If you're doing something with math or almost anything you're thinking of, it opens up their learning opportunities for young people and for teachers. I think it's a way of saying to teachers, "Here's something to help you help young people better understand what it is they're trying to learn." Is it a substitute? No. Is it a tool that we can use to augment? Absolutely.

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7. What is the state of technology professional development for teachers?

I think schools are probably maybe about fifteen years behind business as it relates to using technology. But we're catching up. More and more school districts are providing training for teachers. They're providing equipment. For example, in the school district where I used to teach -- Alexandria, Virginia -- every teacher got a computer. And they provided the training for the teachers. And the teachers were able to take those little PCs home and practice at home so that when they went back in the classroom, they felt more confident about what it was they were trying to teach the children to do.

As a business teacher, it was easy for me because it was part of my world, part of what I was teaching them to do. But for someone in, maybe, literature, or someone in foreign languages or someone in just basic elementary, they might not feel comfortable using technology in their classroom because it's not a natural part. They don't feel like it's a natural part of what they're doing. But I think by providing professional development training, the teachers will be more willing to do so.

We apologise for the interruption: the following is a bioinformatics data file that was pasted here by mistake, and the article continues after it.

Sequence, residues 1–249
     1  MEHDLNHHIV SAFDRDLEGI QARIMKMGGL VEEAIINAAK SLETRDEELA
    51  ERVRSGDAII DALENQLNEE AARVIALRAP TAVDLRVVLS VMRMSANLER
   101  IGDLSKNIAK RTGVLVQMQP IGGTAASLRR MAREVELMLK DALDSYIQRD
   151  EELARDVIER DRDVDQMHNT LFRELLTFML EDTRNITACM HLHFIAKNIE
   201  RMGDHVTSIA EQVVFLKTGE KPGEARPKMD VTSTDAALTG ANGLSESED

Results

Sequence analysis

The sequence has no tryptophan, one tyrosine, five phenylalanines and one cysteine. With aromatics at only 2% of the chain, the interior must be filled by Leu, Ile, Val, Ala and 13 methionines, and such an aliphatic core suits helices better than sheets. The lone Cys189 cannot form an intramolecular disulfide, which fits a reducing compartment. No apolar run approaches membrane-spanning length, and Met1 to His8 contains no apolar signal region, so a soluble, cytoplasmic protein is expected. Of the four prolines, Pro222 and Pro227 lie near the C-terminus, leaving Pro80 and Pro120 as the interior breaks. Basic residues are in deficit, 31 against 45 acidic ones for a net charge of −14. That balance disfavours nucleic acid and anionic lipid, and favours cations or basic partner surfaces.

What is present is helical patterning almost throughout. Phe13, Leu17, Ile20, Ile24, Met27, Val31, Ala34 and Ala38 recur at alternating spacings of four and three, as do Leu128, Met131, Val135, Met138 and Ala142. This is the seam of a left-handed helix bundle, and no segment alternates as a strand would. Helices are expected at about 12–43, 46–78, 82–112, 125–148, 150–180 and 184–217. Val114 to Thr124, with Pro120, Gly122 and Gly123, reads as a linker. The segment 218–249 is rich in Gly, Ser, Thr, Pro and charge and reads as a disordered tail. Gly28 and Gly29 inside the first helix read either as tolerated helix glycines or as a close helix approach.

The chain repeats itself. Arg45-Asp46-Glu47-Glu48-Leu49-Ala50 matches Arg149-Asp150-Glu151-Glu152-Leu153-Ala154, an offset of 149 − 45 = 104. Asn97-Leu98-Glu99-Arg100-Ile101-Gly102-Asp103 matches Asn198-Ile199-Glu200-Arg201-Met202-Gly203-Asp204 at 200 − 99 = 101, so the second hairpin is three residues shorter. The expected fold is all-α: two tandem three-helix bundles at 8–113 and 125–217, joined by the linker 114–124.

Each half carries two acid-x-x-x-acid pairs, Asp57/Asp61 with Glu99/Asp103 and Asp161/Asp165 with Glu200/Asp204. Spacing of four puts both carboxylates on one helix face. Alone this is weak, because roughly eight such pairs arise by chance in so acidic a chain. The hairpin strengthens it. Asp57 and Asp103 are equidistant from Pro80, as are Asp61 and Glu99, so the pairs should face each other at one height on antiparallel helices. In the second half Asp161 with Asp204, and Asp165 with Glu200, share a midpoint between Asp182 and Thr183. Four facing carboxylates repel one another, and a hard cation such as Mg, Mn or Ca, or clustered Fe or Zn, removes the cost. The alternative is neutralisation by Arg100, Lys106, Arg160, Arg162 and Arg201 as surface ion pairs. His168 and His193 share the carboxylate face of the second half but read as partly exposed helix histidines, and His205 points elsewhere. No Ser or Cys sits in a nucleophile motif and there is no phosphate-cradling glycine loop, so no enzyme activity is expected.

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8. How is George Washington University integrating technology into its teacher education program?

We have brought the teacher preparation department together with the educational leadership department and the educational technology expert. And the leadership department is working with the teacher educators to prepare the faculty to be able to use the technology as they work with their students, who are going to be trained to go into the classroom. We're also using it so that every faculty member in the school will be able to demonstrate through technology their ability to teach via technology because the best way to teach is to demonstrate you can do it yourself.